Under §2210.573(b), TWIA must ask a claimant for information necessary to determine whether to accept or deny a claim not later than the 30th day after the claim is filed. Under §2210.573(d), TWIA must accept or deny a claim, either in full or in part, not later than 60 days after it gets notice of the claim or receives additional information it has requested from the claimant.
Section 5.4203(b) provides that the commissioner may extend the deadlines under Insurance Code §2210.573(b) and (d) if TWIA shows good cause and also in the absence of a request from TWIA if the commissioner determines good cause exists. Subsection (d) provides that the commissioner may use any additional information the commissioner deems appropriate when determining if good cause exists under §5.4203. Sections §5.4203(b) and (d) give the commissioner flexibility to determine that good cause exists without relying solely on TWIA’s request.
Section 5.4203(c) requires a request under §5.4203 to include information useful for the commissioner to make a determination.
Section 5.4203(e) states that for claims filed in a particular catastrophe year, extensions granted under Insurance Code §2210.581 may not, in total, exceed 120 days.
Decisions to grant or deny requests for extension of the deadlines established under Insurance Code §2210.573(b) and (d) will be subject to judicial review under Insurance Code Chapter 36.
Under Government Code §2001.034, this emergency rule will not be in effect for longer than 120 days, unless TDI renews it for an additional 60 days as allowed by Government Code §2001.034(c). TDI intends to propose this or a similar rule under the normal rulemaking process as provided in Government Code §2001.023 and §2001.029, and all interested parties will have the opportunity to comment on those rules when they are proposed.
STATUTORY AUTHORITY. New §5.4203 is adopted on an emergency basis with an immediate effective date, under Insurance Code §§36.001, 2210.008, and 2210.581 and Government Code §2001.034 and §2001.036(a)(2).
Insurance Code §36.001 provides that the commissioner may adopt any rules necessary and appropriate to implement the powers and duties of TDI under the Insurance Code and other laws of this state.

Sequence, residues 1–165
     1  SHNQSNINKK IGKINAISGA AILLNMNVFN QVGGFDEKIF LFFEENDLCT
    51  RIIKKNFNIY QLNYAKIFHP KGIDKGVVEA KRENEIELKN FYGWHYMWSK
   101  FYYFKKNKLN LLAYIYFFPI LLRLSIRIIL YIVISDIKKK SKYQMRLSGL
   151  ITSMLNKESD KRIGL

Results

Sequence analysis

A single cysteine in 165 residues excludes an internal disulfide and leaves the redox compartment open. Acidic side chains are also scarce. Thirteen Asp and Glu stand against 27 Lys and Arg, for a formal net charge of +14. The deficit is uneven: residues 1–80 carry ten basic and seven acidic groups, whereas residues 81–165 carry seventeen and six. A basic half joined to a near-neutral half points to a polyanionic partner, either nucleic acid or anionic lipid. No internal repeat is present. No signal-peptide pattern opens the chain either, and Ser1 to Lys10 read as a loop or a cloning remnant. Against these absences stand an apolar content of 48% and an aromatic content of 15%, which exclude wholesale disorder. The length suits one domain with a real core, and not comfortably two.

Insurance Code §2210.008(b) authorizes the commissioner to adopt reasonable and necessary rules to implement Chapter 2210.
Insurance Code §2210.581 authorizes the commissioner to extend deadlines established under Subchapter L-1 by rule.
Government Code §2001.034 authorizes a state agency to adopt emergency rules without prior notice or hearing if the agency "finds that an imminent peril to the public health, safety, or welfare" requires the adoption of rules on fewer than 30 days' notice.
Government Code §2001.036(a)(2) provides for a rule to be effective immediately on filing with the secretary of state if an expedited effective date is necessary because of imminent peril to the public health, safety, or welfare.
CROSS-REFERENCE TO STATUTE. Section 5.4203 implements Insurance Code §2210.581.
§5.4203.Good Cause Extensions under Insurance Code §2210.573(b) and (d).
(a) This section defines good cause for the purpose of extending the deadlines in Insurance Code §2210.573(b) and (d), relating to the association's request for claim-related information and the association's acceptance or denial of a claim, respectively. In this section, good cause means objective facts beyond the association's control that reasonably caused or may cause the association to fail to meet a deadline in Insurance Code §2210.573(b) or (d).
(b) If the association shows good cause, or if the commissioner, in the absence of a request, determines good cause exists, the commissioner may extend the deadlines established under Insurance Code §2210.573(b) and (d). An extension granted under this section is effective on the date of the deadline for which it is granted. An extension is limited to the claims for which it is granted.
(c) A request for an extension under this section must:
(1) be sent in writing to the department, under §5.4251 of this title (relating to Requests and Submissions to the Department);
(2) specify the deadline or deadlines for which an extension is requested;
(3) identify the claims for which an extension is requested by:
(A) the type of policy; and
(B) the time period and a description of the event that gave rise to the claims;
(4) specify the association's estimated total number of claims arising from the event that gave rise to the claims for which an extension is requested; and
(5) describe the good cause for which the association cannot meet the deadlines in Insurance Code §2210.573(b) and (d).
(d) In addition to the information described in subsection (c) of this section, the commissioner may use any other information the commissioner deems appropriate when determining if good cause exists to extend the deadlines in Insurance Code §2210.573(b) and (d).
(e) With reference to claims filed during a particular catastrophe year, extensions under this section and any other extension granted under Insurance Code §2210.581, relating to the extension of claim-handling deadlines, may not exceed 120 days in the aggregate.
The agency certifies that legal counsel has reviewed the emergency adoption and found it to be within the state agency's legal authority to adopt.
Filed with the Office of the Secretary of State on September 21, 2017.
Texas Department of Insurance
Effective date: September 21, 2017
Expiration date: January 18, 2018
For further information, please call: (512) 676-6587